Less scrolling, more sleeping: fostering healthy sleep habits for your child

Bend Health
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Getting enough quality sleep is essential for kids physical, mental, and emotional health because their bodies are rapidly growing and experiencing so many changes.

But as parents ourselves, we know that it’s not always easy to pull your child (or yourself!) away from scrolling on screens in order to prepare both the mind and body for a good night’s rest.

That’s why the team at Bend Health is here to help you better understand the essential nature of sleep so that you can establish healthy, realistic habits for your household.

Why sleep matters so much.

Improving sleep can have a huge impact on a child or teen’s overall health and well-being. Here are just a handful of awesome things sleep does:

  • Improves memory and concentration
  • Boosts immune system
  • Reduces stress and anxiety
  • Improves mood
  • Increases athletic performance

So what happens if you don’t get enough sleep? Well, it can have quite a number of negative effects on your brain and body that can include:

  • Difficulty concentrating
  • Trouble remembering or using short-term memory
  • Reduced response times
  • Irritability in mood
  • Poor academic performance
  • Increased risk of poor health, including obesity and diabetes
  • Increased risk of mental health issues like depression and anxiety

How screens affect sleep.

Our electronic devices with backlights, like cell phones, tablets, e-readers, and computers, emit short-wavelength light or what is also known as “blue light.” The thing about blue light is that it replicates daylight and tricks our bodies and brains into thinking that it’s still day time. Blue light also reduces the amount of time you spend in REM sleep and delays the natural production of the sleep hormone melatonin at night, making it more difficult to get quality rest.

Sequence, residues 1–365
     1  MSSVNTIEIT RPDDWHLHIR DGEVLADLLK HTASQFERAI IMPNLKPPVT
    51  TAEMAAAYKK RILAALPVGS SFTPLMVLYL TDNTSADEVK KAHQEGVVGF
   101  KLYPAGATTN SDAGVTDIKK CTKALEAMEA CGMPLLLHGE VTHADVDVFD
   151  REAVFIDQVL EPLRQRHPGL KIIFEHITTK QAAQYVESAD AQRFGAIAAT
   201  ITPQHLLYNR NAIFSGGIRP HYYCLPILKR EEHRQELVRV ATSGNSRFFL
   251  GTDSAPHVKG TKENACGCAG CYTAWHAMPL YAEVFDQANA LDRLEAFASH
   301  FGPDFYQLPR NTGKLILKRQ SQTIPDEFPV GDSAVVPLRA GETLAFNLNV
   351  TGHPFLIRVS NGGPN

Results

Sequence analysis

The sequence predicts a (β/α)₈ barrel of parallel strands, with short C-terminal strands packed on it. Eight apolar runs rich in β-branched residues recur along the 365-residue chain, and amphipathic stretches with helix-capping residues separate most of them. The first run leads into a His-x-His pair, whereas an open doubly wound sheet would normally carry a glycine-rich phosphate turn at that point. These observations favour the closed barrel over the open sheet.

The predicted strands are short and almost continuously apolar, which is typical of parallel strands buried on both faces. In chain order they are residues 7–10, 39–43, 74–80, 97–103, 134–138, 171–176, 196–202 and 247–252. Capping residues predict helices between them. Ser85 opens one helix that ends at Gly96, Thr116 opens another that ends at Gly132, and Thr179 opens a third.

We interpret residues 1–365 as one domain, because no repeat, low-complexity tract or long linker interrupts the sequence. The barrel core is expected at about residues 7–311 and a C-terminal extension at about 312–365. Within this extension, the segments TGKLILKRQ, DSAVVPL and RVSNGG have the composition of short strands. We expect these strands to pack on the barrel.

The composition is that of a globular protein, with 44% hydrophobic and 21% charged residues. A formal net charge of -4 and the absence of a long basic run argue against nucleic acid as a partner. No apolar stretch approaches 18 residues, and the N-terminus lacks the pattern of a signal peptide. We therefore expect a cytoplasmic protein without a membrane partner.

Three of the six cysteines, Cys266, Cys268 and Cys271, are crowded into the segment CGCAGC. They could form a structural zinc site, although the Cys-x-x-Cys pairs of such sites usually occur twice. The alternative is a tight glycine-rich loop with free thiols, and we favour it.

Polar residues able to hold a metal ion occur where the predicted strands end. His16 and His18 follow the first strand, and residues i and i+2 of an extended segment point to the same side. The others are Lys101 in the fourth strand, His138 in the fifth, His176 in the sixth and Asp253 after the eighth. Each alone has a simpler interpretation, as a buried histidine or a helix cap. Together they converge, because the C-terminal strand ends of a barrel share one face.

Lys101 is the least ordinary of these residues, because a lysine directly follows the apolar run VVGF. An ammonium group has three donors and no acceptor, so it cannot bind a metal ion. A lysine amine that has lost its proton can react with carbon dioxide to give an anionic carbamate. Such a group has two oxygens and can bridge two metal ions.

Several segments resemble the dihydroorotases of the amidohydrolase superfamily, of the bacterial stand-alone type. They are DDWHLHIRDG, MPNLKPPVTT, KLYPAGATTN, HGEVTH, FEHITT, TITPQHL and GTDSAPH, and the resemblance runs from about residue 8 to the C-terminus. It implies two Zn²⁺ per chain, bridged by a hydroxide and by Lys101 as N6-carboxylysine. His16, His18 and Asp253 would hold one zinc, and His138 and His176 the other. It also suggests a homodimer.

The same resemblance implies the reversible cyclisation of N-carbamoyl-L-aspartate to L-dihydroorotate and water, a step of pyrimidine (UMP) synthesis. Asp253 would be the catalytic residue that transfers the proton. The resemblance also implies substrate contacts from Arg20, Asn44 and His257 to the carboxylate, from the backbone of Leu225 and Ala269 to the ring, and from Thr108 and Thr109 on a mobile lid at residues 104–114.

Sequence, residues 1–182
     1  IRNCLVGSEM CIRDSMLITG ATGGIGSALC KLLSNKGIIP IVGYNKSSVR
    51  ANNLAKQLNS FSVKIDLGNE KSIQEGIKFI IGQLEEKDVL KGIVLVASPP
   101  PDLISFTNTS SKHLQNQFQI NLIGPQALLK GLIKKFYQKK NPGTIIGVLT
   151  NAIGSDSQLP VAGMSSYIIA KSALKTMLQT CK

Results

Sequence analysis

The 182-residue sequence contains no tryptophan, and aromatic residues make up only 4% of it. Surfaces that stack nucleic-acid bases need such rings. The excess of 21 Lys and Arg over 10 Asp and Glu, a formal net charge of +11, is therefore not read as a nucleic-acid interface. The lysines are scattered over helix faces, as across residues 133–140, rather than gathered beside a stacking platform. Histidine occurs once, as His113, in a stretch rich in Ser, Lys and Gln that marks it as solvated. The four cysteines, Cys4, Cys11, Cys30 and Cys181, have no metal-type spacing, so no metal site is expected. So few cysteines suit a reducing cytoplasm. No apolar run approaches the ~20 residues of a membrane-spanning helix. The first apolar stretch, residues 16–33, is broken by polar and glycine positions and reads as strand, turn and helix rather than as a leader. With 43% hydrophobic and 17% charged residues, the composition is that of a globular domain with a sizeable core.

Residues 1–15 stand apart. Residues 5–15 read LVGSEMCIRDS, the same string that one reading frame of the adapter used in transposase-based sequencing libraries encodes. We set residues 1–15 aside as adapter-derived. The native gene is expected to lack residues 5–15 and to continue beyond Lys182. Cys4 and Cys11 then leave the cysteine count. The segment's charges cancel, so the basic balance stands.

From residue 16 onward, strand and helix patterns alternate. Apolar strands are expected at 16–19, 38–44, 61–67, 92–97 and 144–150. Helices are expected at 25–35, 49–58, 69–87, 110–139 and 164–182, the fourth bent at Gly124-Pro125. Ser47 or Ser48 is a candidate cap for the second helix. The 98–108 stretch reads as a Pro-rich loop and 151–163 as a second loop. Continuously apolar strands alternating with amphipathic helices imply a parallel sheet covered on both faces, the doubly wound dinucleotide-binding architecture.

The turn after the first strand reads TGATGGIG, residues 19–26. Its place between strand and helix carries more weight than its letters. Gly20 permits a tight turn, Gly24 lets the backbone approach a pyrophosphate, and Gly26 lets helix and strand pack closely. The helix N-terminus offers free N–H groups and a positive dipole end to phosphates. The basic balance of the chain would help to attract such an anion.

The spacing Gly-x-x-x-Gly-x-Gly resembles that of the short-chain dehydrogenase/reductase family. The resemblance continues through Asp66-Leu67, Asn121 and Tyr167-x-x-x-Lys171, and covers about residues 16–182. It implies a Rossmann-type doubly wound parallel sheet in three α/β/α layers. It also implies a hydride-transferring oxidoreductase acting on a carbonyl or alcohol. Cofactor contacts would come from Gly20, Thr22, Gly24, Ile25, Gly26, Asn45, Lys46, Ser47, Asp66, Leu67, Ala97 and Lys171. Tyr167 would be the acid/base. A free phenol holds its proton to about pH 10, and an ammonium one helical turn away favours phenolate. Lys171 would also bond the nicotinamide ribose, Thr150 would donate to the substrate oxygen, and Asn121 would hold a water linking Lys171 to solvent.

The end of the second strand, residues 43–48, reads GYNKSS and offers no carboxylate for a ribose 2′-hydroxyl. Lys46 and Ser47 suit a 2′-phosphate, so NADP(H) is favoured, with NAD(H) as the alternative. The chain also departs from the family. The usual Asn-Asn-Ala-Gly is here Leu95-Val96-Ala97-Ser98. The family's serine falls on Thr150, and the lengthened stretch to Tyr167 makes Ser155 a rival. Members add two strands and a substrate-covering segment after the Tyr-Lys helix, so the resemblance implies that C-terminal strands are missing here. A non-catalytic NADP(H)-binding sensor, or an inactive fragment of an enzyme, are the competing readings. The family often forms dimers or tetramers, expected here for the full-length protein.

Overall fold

To ensure your child or teen is getting their best night’s rest, it’s important to put away screens at least two hours before bed. We know this is easier said than done so read on for more tips on how to make it happen.

Healthy habits for a better night’s sleep.

Creating good sleep habits takes time and patience. To help you get started, we’ve put together these tips from our team of experts.

  • Model tech boundaries. Our kids are always watching, so show them that a good night’s sleep is important for everyone. Try making all of your bedrooms no screen zones. It can be helpful to set up a charging station in an area, like your kitchen or living room, so that everyone parks their devices before beginning bedtime routines.
  • Establish a nighttime routine. Having a bedtime routine can help your child wind down and prepare for sleep. Try keeping a consistent bedtime and include healthy habits like a bath or shower, teeth brushing, coloring, reading, or journaling.
  • Try relaxation techniques. Any form of calming mindfulness, like deep breathing before bedtime, can help your child settle down from the day. You can also use progressive muscle relaxation together, which involves tensing and relaxing each muscle group in your body to help reduce tension.
  • Write down worries. Kids and teens with nighttime anxiety can benefit from writing out what’s on their minds to help them fall asleep faster. Try having a notepad by their bed to jot down thoughts, to-do lists, or whatever else they are thinking before falling asleep.
  • Create a calming sleep environment. For optimal sleep, ensure your child’s bedroom is cool, quiet, and dark. You can use a white noise machine to block out distracting sounds and blackout curtains to cut down on sunlight or streetlamps.

Getting a good night’s rest will ensure that everyone in your family feels their best. We know implementing new habits isn’t always easy and some sleep struggles may require additional support, so know that you can always reach out to a mental health professional for help.

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